“My mask protects you and your mask protects me,” we are told.
But to what extent does a cloth mask also protect you from the novel coronavirus? The evidence is a lot less clear, experts tell Global News.
“Mostly, cloth masks are not great at protecting the wearer,” says the University of Toronto’s Colin Furness.
On the one hand, a mask easily traps the large droplets we exhale that might infect other people. On the other hand, what others exhale is a fine aerosol of smaller particles that can find their way through and around mask fabric that might infect us.
“You will keep your big droplets to yourself, but you will fairly readily inhale the smaller droplets of others,” Furness says.
Some masks are better than others, he says. Large masks that don’t leave gaps around the cheeks have less room for small particles to make their way around and inside the mask.
“What you want to do is minimize air leakage around the sides,” he says.
“Bigger is better. With a bit of a curve and some pleating in it, that will sort of help it hug the face. Definitely, definitely better.”
Some research showing that masks can also protect the wearer is from hospitals, which are a much more formal setting than the community, using masks designed for medical use, says McMaster University infectious disease expert Zain Chagla.
“It’s actually very hard to do real experimental studies in communities,” he says. “There are so many different factors — peoples’ adherence to things, their own personal risk in their households of getting infected. It’s much harder to generate the data.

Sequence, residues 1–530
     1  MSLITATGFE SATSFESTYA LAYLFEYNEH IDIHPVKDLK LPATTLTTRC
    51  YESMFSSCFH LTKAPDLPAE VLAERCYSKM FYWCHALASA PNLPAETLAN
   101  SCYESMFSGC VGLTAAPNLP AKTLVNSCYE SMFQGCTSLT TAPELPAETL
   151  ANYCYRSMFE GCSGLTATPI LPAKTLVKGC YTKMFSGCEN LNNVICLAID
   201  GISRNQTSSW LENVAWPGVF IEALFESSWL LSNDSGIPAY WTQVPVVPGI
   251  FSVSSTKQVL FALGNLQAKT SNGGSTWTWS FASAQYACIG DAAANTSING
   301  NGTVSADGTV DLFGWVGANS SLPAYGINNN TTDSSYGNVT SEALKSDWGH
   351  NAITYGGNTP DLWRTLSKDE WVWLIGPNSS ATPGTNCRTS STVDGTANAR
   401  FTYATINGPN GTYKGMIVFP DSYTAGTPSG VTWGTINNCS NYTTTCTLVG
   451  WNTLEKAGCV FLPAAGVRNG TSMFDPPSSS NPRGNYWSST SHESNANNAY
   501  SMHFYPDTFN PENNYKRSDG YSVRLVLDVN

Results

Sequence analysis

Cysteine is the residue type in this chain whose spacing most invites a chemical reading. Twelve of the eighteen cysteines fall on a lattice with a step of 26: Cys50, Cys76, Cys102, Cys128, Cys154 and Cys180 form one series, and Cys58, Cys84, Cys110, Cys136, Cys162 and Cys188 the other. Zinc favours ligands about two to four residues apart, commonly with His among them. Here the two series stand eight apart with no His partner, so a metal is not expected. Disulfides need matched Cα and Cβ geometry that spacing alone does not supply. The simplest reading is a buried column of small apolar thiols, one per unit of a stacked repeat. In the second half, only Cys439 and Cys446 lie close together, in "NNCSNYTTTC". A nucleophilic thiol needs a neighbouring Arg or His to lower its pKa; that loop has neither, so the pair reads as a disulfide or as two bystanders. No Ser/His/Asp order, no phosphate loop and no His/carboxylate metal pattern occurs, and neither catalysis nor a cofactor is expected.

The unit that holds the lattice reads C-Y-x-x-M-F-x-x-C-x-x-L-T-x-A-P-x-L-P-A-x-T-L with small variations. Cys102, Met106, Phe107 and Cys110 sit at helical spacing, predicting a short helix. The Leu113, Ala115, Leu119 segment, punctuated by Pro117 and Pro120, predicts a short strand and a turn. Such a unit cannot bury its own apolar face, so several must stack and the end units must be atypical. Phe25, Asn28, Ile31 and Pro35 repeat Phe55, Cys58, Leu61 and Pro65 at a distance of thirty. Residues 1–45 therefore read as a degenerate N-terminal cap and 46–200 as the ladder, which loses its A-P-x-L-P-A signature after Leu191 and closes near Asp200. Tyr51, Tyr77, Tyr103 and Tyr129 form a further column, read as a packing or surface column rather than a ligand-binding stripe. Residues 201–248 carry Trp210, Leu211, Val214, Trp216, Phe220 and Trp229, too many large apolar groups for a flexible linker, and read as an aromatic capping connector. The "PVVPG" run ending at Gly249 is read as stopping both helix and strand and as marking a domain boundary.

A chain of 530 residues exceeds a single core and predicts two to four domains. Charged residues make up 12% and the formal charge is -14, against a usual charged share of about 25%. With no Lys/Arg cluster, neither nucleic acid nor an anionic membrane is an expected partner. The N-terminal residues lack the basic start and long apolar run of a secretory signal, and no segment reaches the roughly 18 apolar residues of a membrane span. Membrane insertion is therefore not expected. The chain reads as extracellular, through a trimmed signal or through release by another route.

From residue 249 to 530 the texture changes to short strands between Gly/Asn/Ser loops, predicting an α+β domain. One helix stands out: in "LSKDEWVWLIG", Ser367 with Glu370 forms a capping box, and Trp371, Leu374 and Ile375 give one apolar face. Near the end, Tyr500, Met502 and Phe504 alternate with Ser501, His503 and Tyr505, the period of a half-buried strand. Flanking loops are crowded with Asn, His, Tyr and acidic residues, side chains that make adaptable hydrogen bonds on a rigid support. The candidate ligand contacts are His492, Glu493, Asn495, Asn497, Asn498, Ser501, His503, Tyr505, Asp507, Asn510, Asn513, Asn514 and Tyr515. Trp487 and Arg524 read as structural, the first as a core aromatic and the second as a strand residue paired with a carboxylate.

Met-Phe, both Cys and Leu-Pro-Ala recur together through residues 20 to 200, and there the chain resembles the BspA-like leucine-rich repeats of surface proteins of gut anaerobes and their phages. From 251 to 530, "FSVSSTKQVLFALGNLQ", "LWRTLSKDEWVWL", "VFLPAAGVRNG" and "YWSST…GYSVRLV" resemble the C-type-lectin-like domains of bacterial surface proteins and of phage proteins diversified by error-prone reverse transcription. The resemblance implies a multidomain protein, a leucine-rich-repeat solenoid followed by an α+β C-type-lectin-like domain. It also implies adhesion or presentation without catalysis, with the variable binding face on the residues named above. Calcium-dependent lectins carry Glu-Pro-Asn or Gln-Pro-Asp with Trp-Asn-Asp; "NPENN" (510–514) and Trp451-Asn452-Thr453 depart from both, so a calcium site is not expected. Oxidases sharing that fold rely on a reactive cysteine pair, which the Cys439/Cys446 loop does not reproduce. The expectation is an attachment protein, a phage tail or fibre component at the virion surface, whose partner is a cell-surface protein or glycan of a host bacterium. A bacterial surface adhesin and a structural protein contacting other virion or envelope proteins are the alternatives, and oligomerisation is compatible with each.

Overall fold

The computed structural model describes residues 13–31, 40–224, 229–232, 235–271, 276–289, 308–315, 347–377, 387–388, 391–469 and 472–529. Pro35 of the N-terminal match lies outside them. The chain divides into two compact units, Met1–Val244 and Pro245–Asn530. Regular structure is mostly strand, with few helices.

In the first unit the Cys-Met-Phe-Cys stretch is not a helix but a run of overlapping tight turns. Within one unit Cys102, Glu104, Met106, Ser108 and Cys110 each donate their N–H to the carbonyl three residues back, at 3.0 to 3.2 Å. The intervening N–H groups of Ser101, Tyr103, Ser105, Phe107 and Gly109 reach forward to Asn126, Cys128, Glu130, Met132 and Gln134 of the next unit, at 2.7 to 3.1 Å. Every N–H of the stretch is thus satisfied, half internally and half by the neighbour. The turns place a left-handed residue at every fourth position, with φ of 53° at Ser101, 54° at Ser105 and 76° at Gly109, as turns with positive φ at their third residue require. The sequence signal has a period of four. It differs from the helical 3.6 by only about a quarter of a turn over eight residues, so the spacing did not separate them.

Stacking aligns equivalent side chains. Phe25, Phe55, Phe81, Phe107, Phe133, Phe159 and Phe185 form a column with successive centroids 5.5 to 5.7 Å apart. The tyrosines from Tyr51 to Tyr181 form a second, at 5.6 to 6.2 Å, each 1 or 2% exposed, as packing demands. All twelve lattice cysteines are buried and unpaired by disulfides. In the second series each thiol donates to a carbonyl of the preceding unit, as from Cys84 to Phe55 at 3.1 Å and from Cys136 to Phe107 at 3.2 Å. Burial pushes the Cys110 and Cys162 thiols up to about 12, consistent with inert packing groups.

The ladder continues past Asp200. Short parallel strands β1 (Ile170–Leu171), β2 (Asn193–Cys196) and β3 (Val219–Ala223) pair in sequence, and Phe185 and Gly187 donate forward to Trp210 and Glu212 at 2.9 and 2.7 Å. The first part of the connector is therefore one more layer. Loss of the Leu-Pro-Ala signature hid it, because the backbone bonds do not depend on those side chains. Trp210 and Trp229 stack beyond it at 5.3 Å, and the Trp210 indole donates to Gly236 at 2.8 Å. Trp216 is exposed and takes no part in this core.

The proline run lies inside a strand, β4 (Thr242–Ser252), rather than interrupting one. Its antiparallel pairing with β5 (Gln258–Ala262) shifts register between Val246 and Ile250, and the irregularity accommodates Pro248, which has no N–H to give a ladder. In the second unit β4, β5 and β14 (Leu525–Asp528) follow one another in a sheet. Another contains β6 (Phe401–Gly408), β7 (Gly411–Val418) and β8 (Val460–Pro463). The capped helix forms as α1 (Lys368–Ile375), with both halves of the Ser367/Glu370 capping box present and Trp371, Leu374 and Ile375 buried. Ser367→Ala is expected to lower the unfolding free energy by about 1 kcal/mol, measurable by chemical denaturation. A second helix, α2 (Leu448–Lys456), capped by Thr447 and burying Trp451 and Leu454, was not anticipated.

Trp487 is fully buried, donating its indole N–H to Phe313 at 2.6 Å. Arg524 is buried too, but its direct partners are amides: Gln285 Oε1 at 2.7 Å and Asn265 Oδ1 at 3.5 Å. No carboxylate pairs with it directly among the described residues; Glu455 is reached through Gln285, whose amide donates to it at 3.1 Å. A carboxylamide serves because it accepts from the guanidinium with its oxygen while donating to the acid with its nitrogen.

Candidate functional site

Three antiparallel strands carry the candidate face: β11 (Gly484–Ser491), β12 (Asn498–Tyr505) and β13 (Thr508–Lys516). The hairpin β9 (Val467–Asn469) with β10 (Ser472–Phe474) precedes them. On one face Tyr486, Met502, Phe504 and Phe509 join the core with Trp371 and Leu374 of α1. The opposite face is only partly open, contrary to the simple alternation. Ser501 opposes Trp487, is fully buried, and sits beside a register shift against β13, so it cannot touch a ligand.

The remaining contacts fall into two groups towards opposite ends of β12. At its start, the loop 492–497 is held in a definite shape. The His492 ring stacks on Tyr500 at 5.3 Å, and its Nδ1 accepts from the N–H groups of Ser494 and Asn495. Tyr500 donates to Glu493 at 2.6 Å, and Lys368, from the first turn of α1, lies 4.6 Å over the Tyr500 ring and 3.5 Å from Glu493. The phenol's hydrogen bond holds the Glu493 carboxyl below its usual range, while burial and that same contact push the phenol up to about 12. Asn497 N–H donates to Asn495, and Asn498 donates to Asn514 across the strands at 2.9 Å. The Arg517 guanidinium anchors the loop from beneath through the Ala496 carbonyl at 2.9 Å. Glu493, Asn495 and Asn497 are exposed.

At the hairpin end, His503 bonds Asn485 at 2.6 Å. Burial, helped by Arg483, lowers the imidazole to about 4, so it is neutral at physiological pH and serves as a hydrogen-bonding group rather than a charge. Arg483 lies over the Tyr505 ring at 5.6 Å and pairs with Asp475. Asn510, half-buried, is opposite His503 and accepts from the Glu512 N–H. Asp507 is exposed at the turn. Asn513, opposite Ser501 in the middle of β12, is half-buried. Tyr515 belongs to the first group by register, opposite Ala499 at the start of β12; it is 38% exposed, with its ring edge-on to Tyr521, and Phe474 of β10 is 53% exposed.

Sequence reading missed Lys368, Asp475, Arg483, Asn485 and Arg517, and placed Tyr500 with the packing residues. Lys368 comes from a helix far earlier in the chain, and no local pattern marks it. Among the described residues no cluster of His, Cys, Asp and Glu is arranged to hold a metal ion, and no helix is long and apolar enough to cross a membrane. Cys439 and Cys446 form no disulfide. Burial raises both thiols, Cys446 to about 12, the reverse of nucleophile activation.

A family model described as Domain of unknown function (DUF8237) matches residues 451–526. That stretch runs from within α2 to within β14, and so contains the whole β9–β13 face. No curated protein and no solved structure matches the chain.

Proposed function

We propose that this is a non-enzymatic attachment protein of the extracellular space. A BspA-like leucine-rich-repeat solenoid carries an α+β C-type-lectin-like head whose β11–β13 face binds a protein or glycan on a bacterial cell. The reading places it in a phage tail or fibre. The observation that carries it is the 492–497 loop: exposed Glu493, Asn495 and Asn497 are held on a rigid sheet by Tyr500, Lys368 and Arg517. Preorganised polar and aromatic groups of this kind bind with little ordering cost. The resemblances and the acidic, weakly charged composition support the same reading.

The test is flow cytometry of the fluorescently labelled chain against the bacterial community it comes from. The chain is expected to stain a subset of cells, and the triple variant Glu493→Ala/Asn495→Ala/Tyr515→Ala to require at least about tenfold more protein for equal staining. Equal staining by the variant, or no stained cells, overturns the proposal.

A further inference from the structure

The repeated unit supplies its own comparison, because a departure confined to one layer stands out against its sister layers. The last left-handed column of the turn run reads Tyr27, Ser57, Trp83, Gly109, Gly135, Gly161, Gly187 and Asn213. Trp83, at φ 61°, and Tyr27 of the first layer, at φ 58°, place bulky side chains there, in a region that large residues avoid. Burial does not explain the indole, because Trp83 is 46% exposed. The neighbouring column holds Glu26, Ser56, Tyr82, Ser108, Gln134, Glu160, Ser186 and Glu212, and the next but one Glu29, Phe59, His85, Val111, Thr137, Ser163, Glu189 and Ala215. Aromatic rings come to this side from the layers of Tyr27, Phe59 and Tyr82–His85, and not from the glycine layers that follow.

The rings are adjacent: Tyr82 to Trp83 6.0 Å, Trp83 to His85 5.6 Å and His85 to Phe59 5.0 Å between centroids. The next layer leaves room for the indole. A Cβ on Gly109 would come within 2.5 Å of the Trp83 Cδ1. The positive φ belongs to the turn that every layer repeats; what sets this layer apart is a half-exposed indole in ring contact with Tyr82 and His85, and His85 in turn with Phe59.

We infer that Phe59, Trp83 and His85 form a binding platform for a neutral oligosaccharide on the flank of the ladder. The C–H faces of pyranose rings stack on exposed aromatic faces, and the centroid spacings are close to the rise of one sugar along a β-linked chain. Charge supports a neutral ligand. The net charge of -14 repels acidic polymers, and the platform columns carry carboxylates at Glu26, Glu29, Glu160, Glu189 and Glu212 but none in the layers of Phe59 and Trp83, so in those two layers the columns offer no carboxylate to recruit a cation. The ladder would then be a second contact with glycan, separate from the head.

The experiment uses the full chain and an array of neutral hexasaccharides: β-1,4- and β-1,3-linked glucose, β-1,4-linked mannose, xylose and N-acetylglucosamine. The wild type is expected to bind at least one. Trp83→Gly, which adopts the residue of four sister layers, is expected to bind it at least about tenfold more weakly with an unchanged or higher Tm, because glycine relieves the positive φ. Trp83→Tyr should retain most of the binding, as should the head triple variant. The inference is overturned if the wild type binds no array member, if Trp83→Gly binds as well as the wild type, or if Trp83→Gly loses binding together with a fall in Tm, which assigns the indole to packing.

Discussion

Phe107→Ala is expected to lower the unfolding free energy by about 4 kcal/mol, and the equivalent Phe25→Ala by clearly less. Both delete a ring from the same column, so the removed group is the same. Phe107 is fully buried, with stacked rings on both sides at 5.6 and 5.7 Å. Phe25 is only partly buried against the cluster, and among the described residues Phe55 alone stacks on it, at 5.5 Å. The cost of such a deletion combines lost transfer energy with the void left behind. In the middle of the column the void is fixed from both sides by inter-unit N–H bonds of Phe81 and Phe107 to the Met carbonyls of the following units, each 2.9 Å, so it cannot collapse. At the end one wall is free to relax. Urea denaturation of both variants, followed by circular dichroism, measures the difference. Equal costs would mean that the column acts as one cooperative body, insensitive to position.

“In a health care setting, it’s much more of a controlled system. People check in, you can monitor them relatively easily.”
One problem, Furness says, is that there’s a difficult design tradeoff with fabric masks: dense fabric in multiple layers works better, but makes it harder to breathe. Thin, loose fabric in a single layer is easy to breathe through, but doesn’t stop many small particles coming in.
“I don’t think there’s a particular harm to cloth masks, necessarily,” Chagla says. “Increasing the user’s risk of acquiring infection from others — it at least keeps it neutral, if not a little bit decreased, but a strong benefit of personal protection with a cloth mask is not there in the literature,” he explains.
“I’m not saying the story is closed on that. For now, there’s much more evidence in the protecting others domain than in the personal protection domain.”
Do some masks work better at protecting the wearer than others? And if so, why?
“I think there’s a lot of room for improvement based on doing some systematic testing of different fabrics and different designs,” Furness says.
“There’s still a lot we don’t know. We don’t have a perfect mask design yet.”
Federal public health officials recommend masks in enclosed spaces, like public transit and stores, where it’s hard to keep two metres apart from other people.
Wearing a non-medical mask in the community “has not been proven to protect the person wearing it,” federal chief public health officer Theresa Tam said in April.View link »